The U-2 that crashed in Bolivia after its pilot died suffering hypoxia while overflying Cuba and after US Navy F-4s failed to shoot it down

The U-2 that crashed in Bolivia after its pilot died suffering hypoxia while overflying Cuba and after US Navy F-4s failed to shoot it down

By Dario Leone
Nov 12 2023
Sponsored by: Helion & Company
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The U-2 and the Cuban Missile Crisis

Built in complete secrecy by Kelly Johnson and the Lockheed Skunk Works, the original U-2A first flew in August 1955. Early flights over the Soviet Union in the late 1950s provided the president and other US decision makers with key intelligence on Soviet military capability.

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In October 1962, the U-2 photographed the buildup of Soviet offensive nuclear missiles in Cuba, touching off the Cuban Missile Crisis.

U-2 pilot Captain Robert Hickman suffers hypoxia

As told by Krzysztof Dabrowsky in his book Hunt for the U-2, Interceptions of Lockheed U-2 reconnaissance aircraft over the USSR, Cuba and People’s Republic of China, 1959-1968, once the Cuban Missile Crisis ended with the withdrawal of Soviet ballistic missiles armed with nuclear warheads (for its part the US agreed to remove similar missiles deployed in Turkey and Italy), the U-2 continued flying reconnaissance operations at least ‘close’ to Cuba.

Indeed, while avoiding a direct confrontation with their nemesis’, the S-75 SAM-system and its variants, the type thus became involved in another fatal incident in this part of the world.

On Jul. 28, 1966, Captain Robert Hickman took off from Barksdale AFB in Louisiana to make one of the regular overflights of the island. Contrary to earlier times, he was not supposed to make an overflight but was explicitly ordered not to violate Cuban airspace. Unfortunately, due to the failure of the aircraft’s oxygen supply system (as was subsequently determined), the pilot suffered hypoxia and his U-2 continued on directly for Cuba.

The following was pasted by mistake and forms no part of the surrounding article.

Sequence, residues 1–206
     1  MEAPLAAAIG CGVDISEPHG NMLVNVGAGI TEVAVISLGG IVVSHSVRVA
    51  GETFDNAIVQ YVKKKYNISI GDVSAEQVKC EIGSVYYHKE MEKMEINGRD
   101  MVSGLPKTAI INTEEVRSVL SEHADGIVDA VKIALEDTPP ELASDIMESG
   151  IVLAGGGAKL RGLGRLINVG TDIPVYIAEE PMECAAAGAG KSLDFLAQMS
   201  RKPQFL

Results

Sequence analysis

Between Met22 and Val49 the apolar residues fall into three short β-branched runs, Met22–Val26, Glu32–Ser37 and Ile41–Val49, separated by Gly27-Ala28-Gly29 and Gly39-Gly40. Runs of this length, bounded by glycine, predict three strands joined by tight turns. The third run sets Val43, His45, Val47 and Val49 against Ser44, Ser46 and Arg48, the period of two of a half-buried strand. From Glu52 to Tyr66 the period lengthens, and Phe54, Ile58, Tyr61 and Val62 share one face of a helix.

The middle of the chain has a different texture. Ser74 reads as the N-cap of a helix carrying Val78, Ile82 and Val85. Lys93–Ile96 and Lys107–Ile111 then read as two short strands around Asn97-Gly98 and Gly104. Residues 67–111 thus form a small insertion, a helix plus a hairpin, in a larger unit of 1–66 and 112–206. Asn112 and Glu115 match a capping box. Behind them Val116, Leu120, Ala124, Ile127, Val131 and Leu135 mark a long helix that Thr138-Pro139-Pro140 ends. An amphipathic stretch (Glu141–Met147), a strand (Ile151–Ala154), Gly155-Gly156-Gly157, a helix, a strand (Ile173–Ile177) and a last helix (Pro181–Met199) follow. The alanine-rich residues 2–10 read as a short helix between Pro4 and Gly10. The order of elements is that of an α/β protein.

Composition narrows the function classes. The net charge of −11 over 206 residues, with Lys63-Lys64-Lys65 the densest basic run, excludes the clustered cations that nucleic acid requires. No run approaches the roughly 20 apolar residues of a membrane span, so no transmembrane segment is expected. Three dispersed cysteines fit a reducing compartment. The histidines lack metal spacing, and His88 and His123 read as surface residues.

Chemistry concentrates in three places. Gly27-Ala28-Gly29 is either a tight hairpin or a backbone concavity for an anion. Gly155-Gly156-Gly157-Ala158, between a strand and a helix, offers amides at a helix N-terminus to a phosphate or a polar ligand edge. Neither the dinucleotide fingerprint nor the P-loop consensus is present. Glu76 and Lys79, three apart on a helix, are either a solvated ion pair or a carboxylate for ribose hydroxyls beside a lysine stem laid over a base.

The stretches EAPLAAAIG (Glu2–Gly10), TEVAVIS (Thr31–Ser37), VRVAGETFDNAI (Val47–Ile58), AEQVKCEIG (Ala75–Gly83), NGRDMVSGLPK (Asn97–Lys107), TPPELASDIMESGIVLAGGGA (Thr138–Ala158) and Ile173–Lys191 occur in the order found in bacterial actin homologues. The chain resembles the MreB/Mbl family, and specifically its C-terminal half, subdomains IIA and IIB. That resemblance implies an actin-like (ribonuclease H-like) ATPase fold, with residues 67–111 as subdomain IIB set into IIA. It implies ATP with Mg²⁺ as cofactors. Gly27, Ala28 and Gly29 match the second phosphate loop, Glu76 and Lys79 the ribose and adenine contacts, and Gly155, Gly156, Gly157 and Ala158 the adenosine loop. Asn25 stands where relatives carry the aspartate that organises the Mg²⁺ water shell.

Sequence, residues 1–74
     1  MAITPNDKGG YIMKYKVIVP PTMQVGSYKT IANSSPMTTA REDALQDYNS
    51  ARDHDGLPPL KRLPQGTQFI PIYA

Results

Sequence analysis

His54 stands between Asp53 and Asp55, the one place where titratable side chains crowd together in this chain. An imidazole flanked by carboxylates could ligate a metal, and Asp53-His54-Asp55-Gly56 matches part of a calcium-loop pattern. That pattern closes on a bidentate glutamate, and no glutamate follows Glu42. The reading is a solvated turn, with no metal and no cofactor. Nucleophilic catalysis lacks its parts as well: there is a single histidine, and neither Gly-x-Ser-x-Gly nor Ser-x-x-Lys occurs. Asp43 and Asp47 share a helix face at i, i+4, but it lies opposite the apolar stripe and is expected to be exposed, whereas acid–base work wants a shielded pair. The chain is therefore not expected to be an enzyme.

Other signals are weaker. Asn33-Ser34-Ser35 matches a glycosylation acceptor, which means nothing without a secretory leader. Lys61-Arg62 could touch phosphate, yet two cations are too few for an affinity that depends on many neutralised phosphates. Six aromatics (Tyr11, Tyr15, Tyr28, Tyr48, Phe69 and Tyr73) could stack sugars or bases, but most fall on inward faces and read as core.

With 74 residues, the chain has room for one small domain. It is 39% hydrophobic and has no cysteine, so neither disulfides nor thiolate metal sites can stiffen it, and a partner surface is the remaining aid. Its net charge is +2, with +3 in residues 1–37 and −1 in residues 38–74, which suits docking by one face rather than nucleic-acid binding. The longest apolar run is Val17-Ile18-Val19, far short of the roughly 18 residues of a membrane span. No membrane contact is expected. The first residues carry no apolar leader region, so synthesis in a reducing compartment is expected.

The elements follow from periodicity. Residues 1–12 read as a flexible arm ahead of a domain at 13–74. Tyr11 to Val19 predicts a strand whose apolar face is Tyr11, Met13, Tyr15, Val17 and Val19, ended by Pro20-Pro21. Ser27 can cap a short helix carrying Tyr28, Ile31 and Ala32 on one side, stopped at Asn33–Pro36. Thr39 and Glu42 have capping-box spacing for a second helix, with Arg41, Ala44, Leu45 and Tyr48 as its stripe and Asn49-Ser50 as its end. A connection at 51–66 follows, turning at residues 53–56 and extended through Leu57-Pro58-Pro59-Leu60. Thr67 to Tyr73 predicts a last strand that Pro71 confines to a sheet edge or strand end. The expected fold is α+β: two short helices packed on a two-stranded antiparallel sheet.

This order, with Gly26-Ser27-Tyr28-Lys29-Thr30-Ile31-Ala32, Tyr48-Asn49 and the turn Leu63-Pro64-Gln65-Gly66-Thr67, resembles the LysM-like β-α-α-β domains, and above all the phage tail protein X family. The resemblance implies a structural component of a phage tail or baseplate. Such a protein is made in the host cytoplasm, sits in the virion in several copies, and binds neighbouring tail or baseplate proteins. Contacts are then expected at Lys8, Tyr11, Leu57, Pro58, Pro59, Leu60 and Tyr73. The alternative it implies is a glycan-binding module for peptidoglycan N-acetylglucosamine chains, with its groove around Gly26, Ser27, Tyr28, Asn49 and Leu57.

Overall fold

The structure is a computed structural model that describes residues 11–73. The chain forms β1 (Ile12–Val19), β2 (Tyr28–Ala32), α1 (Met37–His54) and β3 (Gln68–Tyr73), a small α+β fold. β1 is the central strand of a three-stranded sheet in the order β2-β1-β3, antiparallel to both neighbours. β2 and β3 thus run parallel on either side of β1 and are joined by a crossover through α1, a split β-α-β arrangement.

F-4s scrambled to shoot down Hickam’s U-2

In order to avoid an incident, the US Navy then scrambled two McDonnell Douglas F-4 Phantom Il interceptors from NAS Key West, in Florida, to shoot the aircraft down. Remarkably, this proved a task too much even for the powerful Phantom. Therefore, the U-2 overflew the Caribbean island without provoking any kind of reaction from the Cubans: it flew on until running out of fuel and crashing over Bolivia, where Captain’s Hickman’s body was recovered from the wreckage.

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Found by farmers

Hickam was found by farmers working in a remote area of Bolivia. The day after the crash, they arrived in the town of Oruro, having trudged through the rugged terrain bearing Hickman’s Air Force identification card and a story about a plane crash.

A team from the American Embassy was dispatched to the crash site to confirm that the plane was Hickman’s, while a Bolivian honor guard watched over his remains.

Hickman’s entire squadron attended the funeral at St. Francis Xavier Cathedral in Alexandria, VA.

Hickman was in the Air Force for 10 years. But he was planning to get out and had already taken and passed tests to become a commercial airline pilot. He received confirmation that he would be granted his release on the day he was killed, said Hickman’s widow, Pauline, to the Town Talk website.

Hunt for the U-2, Interceptions of Lockheed U-2 reconnaissance aircraft over the USSR, Cuba and People’s Republic of China, 1959-1968 is published by Helion & Company and is available to order here.

Photo credit: U.S. Air Force and U.S. Navy

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Dario Leone

Dario Leone

Dario Leone is an aviation, defense and military writer. He is the Founder and Editor of “The Aviation Geek Club” one of the world’s most read military aviation blogs. His writing has appeared in The National Interest and other news media. He has reported from Europe and flown Super Puma and Cougar helicopters with the Swiss Air Force.
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